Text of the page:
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The Indian independence movement is important for understanding the region. This movement launches various political campaigns and works out methods which establish political principals lasting to the present.

The Indian National Congress is the major agent of this movement. It was formed in 1885. By that time, the British crown had been the emperor of India. Since 1906, the British government develops various constitutional negotiations and reforms and passes corresponding acts. In this context, the Muslim League becomes another important agent in India.

In 1919, the Indian National Congress turns into a mass movement against the British colonial state. Under the leadership of Mahatma Gandhi, its struggle is based on non-violence, also non-cooperation with the British administration. Against the growth of the Indian independence movement and the Government of India Act 1935, the idea of the partition of India and the creation of a Muslim majority nation, i.e. Pakistan, develops. Sindh Provincial Muslim League takes up this scheme for the first time in October 1938. The All India Muslim League passes the historic resolution in Lahore in March 1940. Mohammed Ali Jinnah argues that “Muslim rights (are usurped) by the majority community.”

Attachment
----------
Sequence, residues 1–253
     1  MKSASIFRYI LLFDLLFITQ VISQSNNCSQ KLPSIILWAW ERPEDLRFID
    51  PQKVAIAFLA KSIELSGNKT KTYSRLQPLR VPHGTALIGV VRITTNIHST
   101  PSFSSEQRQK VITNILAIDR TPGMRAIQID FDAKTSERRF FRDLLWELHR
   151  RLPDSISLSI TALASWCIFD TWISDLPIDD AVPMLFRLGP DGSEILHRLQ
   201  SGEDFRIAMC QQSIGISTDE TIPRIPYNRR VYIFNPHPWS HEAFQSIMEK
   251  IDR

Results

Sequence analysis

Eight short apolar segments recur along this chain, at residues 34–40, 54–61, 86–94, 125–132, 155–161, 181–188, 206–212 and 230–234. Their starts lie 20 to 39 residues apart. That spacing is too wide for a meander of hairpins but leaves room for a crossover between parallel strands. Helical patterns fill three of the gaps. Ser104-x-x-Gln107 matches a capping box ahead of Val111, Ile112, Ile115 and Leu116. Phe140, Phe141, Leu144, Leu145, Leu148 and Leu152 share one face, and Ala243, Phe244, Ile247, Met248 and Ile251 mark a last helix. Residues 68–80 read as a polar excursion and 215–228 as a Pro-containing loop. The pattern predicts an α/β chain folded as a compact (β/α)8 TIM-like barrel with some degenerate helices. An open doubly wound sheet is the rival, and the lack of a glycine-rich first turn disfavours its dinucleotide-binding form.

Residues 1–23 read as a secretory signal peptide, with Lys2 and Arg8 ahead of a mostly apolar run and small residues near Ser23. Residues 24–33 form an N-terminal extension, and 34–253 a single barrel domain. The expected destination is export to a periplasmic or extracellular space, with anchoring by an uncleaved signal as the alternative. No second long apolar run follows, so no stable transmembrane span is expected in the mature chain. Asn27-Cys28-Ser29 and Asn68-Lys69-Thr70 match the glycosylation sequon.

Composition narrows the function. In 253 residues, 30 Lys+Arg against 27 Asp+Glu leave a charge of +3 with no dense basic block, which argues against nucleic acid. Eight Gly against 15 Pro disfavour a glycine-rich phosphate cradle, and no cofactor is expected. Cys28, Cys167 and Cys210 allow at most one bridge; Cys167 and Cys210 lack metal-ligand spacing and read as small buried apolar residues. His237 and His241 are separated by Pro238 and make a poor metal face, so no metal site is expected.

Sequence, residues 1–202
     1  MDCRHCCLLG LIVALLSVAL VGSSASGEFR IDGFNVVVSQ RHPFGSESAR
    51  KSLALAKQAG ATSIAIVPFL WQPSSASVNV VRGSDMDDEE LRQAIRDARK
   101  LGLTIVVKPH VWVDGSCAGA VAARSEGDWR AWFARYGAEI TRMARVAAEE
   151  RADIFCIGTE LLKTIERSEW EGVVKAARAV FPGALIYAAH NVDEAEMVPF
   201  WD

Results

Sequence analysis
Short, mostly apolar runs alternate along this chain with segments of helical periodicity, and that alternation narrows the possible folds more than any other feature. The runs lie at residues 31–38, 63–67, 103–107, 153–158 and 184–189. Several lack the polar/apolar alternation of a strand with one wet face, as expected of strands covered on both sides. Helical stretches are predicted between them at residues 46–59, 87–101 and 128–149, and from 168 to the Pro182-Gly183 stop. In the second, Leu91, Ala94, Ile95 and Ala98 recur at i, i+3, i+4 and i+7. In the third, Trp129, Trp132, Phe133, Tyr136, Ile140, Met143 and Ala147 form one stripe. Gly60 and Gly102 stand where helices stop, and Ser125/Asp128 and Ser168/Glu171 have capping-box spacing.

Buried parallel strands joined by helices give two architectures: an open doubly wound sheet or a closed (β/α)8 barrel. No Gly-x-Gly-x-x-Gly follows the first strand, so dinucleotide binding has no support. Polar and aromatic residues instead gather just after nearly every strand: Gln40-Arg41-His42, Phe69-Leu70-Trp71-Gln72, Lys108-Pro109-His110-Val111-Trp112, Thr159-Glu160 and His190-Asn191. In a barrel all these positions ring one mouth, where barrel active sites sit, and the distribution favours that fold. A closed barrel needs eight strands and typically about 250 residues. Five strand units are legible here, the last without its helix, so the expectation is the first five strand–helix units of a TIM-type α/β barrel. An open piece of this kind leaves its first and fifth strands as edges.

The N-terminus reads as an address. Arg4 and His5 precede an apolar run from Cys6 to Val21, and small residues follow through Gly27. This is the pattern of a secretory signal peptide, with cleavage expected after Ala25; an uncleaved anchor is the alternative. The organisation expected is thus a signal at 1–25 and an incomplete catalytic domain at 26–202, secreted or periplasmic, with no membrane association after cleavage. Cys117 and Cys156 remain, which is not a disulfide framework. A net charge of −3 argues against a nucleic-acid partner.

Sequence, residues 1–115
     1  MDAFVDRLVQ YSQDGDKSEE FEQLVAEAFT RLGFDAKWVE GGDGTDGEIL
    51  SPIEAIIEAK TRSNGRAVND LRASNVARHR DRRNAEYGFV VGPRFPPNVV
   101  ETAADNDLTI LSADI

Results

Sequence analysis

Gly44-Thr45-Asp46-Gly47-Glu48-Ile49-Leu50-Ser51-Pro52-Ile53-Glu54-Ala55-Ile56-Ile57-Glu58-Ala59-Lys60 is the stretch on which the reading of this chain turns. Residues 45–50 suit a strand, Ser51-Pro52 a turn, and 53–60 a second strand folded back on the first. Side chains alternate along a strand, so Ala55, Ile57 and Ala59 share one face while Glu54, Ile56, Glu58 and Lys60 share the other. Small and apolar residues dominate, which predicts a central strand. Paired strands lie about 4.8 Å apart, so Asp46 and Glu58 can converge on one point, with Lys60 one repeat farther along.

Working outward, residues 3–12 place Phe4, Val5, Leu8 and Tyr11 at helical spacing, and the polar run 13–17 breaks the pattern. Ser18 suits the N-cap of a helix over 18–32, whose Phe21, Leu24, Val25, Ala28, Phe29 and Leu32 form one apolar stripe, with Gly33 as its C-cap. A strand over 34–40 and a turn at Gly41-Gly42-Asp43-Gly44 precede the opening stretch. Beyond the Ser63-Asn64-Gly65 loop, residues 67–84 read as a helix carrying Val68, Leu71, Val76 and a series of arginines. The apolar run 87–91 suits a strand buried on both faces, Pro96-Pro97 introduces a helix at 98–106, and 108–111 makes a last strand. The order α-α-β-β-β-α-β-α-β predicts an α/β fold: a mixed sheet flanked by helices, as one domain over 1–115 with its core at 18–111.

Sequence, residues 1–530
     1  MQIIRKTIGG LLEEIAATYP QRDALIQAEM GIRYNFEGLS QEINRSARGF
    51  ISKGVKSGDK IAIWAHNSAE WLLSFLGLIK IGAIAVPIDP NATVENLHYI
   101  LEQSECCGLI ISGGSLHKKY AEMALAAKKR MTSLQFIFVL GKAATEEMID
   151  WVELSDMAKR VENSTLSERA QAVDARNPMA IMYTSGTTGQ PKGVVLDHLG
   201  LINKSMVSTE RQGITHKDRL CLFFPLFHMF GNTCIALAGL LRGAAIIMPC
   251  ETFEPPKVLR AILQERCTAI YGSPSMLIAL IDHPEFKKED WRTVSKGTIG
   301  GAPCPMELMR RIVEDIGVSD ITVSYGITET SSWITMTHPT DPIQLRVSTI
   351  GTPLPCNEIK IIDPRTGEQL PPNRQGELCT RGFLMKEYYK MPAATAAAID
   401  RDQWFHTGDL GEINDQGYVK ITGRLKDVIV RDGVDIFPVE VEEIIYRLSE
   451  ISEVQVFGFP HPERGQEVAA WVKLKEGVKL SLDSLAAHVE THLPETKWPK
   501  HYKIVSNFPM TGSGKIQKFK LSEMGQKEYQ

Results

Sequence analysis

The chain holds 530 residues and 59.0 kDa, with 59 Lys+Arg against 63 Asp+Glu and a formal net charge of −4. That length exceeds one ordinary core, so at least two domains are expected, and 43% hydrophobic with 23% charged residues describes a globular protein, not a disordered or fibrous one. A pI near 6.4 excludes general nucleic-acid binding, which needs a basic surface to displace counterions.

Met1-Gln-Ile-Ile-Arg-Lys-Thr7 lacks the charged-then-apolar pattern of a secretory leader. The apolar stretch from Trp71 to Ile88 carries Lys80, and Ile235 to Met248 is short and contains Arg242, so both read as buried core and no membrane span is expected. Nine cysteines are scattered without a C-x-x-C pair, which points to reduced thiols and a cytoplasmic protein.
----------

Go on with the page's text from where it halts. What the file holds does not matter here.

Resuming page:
On 15th August 1947, India achieves independence by a compromise, i.e. the founding of Pakistan one day earlier. Muslim League’s campaign is based on constitutional methods and confirmed in elections. As India and Pakistan emerge out of one political movement and people of all communities live in every country, both countries are fixated on each other. In 1971, the idea of the national unity of Muslims takes a step back. West and East Pakistan separate from each other and Bangladesh is founded.

British Library

Timeline of Indian Freedom Struggle (UPSC Guide)


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